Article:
-by Laura Bickle, a.k.a. Alayna Williams
I traded with the lovely Jeffe today. She'll be regaling you with tales of fears on Monday.
But I'll talk about my own today. I've said it before, but I think that writers have a responsibility to challenge both readers and our own fears. What scares us? Why? I feel as if I'm doing my own best work when I dig deep into what scares me. If a story wakes me up breathless in the middle of the night, if it makes me cry, if it gives me nightmares - I've hit a nerve. Something dark that needs to be dragged into light and examined. And, yes, researched. I want to know why I'm fearful, beyond the initial emotional reaction.
This piece first ran in February on Stella's wonderful Ex Libris blog. It ran the week that ROGUE ORACLE was released, two weeks before the Japan Tohuku earthquake, tsunami, and subsequent nuclear crisis. Like so many other people around the world, I watched. Wondered. Waited.
And yes, I was afraid.
Mining Old Fears in Fiction
by Alayna Williams
Every once in awhile, I think it's good to go rooting around in the dirt of my fears for story fodder. We all have things that scare us and tend to linger. Maybe it's a childhood terror, a phobia, a bit of something inexplicable that boils up once in blue moon in a recurring dream. Every so often, I take my shovel to the forgotten stuff in the back of my brain and see what I can unearth.
But something about the story captivated and frightened me. Partially, I think it was because I grew up in a very industrial area, in the shadow of many chemical plants. Everyone's father had, at one time or another, returned home in the middle of the night in a plastic moon suit, scrubbed red, without the boots, wallet, and lunchbox he'd left with. It was scary. We couldn't see or smell or taste anything different when we threw our arms around our dads. But our mothers worried about the invisible. About cancer.
I remember seeing some pictures of Chernobyl on the news, of an industrial plant not quite so different than those plants that surrounded us. And seeing fire. And the rumors about plumes of poison moving over Europe, unstoppably.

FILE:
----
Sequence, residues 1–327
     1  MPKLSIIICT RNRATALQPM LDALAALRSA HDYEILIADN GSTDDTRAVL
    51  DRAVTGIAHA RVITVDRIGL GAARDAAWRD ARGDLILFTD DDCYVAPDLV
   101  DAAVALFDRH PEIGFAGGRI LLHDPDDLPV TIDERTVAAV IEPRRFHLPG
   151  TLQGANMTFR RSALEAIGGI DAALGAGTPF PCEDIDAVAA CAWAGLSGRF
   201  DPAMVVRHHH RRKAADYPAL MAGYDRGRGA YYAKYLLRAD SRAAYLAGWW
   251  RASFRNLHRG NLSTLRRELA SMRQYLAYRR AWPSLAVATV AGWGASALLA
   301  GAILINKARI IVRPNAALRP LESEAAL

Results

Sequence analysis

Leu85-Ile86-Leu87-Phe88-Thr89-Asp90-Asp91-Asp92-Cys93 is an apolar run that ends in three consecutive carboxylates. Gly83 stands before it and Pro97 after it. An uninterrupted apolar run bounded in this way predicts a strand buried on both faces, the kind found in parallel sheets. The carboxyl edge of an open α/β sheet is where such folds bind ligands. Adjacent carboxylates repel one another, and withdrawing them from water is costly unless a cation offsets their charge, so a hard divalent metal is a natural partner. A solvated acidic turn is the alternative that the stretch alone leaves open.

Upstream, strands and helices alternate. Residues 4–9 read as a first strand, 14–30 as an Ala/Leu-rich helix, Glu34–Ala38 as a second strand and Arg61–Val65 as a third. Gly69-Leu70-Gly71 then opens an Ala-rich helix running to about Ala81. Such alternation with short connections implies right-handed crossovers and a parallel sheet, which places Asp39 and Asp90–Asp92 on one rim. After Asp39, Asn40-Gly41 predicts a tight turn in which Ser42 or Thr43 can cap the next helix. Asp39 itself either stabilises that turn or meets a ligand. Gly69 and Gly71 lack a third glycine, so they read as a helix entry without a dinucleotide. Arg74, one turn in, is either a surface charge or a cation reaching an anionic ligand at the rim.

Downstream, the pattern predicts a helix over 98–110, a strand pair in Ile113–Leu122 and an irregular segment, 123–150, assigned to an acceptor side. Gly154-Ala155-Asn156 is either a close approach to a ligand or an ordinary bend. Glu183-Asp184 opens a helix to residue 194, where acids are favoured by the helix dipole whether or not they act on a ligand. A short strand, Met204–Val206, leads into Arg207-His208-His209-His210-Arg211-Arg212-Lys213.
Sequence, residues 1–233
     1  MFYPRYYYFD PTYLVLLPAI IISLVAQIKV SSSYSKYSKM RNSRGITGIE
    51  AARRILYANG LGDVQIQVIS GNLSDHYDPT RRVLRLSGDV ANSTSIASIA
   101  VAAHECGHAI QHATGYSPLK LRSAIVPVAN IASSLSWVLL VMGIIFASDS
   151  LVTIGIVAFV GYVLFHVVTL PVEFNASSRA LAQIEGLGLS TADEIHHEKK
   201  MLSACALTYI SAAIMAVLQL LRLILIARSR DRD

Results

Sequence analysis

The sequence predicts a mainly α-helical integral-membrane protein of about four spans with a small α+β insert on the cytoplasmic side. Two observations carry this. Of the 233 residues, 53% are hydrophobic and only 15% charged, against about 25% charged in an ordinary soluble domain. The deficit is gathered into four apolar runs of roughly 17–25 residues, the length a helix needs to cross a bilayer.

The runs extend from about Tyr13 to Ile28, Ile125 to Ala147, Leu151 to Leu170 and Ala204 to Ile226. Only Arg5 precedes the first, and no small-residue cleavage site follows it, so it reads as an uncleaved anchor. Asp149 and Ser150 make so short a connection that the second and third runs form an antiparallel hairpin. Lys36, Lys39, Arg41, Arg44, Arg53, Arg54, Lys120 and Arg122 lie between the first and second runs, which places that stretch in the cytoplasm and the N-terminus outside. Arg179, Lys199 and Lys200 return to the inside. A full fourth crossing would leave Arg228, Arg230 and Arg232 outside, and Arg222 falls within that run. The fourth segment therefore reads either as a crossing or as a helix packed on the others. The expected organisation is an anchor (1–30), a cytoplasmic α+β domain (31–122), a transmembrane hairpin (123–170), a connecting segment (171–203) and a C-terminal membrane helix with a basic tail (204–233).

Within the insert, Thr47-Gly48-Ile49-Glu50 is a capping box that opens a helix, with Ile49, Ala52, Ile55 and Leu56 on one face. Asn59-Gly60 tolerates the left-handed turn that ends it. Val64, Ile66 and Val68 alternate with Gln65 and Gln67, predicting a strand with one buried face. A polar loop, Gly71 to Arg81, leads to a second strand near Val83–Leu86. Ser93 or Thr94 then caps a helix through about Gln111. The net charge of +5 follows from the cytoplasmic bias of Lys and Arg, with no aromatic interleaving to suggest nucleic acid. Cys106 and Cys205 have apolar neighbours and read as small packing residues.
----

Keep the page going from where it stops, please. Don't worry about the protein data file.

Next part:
It made me shudder. My mother turned off the television when we were in the room.
It did give me nightmares. And I think many of the other kids.
But, like most other things in childhood, the memory of that fear faded. We grew up, didn't think about the half-life of cesium or whether potatoes could be cultivated in earth a half a world away. We forgot, went to work in the same plants our fathers did, whether for a summer or years after.
I forgot, too. The vicarious memory of it was buried somewhere in my subconscious, and I had no cause to go anywhere near it. It was not part of my everyday life. I went to work every day and preoccupied myself with more proximate fears, like crime and work, and bills and the well being of the stray cat on my doorstep.
But I think a bit of that fear remained to dig around in. I was working on the ORACLE series, and using Tarot cards as story prompts. I was developing the idea for ROGUE ORACLE, plucking cards at random. I kept picking the Tower over and over...the Tower depicts a tall, dark structure against the night sky. Lightning strikes it and destroys it, sending two figures falling to earth. The symbolism of the card is about the end of things - a paradigm shift, the destruction of all that came before.
I saw pictures of beautiful land that had been overtaken by nature, by wolves and grass. Photos of rusted cars and helicopters. Articles about the children in hospitals affected by rare cancers, years and years beyond the event. Birds making nests in open seams in the Sarcophagus, the containment structure over the reactor. That, in my mind, was the Tower. In my bystander's head, it became a deeply powerful supernatural entity - something that had the power to reach through time and continue to affect generations of people.
And, because it scared me, I had to write about it.
First two images: U.S. EPA archives. Third image: "Feel Chernobyl" by metzgorein